Chapter 2
Prevalence and harm of sexual violence

Cost of sexual violence

Harm to victims

2.40It is well-recognised by the literature that victims bear direct physical and psychological consequences of sexual violence. For example, the 2009 NZCASS reported physical injury occurring in 43 per cent of incidents of sexual violence, although most injuries were described as not serious in nature.109 This reflects the experience of Doctors for Sexual Abuse Care, who state that most sexual violence incidents do not result in physical injury, except perhaps minor scratches and bruises.110 Approximately 20 females and two males are hospitalised annually for sexual violence, with an average stay of 23 days,111 with the length of the stay implying that serious physical injury has occurred as a result of the sexual violence.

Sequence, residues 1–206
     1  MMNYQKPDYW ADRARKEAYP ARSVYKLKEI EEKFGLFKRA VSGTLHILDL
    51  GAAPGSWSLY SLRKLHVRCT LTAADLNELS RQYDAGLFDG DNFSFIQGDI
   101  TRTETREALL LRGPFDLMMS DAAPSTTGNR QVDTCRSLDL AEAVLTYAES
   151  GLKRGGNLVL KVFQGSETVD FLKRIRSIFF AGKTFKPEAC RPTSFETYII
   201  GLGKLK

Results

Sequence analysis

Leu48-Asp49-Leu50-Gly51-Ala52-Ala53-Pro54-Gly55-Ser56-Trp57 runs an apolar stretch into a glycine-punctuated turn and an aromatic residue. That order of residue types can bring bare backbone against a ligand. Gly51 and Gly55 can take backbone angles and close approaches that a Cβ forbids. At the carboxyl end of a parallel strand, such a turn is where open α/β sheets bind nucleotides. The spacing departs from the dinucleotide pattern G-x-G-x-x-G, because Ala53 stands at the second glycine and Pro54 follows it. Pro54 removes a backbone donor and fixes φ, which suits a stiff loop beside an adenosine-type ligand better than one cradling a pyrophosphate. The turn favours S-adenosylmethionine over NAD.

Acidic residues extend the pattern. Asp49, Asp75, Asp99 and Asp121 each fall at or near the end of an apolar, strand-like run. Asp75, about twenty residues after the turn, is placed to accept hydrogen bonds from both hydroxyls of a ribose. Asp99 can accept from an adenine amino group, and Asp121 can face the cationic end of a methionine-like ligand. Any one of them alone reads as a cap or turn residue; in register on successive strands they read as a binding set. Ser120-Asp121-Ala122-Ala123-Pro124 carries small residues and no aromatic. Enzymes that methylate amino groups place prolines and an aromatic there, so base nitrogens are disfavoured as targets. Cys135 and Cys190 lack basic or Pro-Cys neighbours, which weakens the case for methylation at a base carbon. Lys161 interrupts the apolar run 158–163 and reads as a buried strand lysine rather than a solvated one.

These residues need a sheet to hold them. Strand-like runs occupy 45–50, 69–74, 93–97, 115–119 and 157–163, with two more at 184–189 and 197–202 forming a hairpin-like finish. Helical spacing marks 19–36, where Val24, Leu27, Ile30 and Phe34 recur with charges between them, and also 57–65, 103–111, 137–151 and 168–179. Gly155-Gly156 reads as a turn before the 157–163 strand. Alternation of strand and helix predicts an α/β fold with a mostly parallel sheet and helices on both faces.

2.41Acute physical effects that must be managed can include injuries, sexually transmitted infections, and pregnancy. In the longer term, the impact on the immune system of the severe stress incurred as a result of sexual violence can lead to somatically-induced effects including back pain, tension headaches, skin disorders and other health effects.

2.42The psychological and emotional effect on victims is also severe. Dr Linda Beckett (whose research was an evaluation of services/interventions and whether these had the capacity to meet the support and service needs created by sexualised violence without causing secondary victimisation) mentioned well-documented immediate effects such as feelings of shock, hysteria, disbelief, disgust, fear, guilt, confusion and feelings of powerlessness.112 Common experiences in the slightly longer term were also outlined by Beckett in her later work with victims, including sadness, suicidal thoughts, not going out, difficulty sleeping, non-enjoyment of relationships and intrusive thoughts. Victims may self-harm or abuse alcohol or drugs in order to displace intrusive thinking.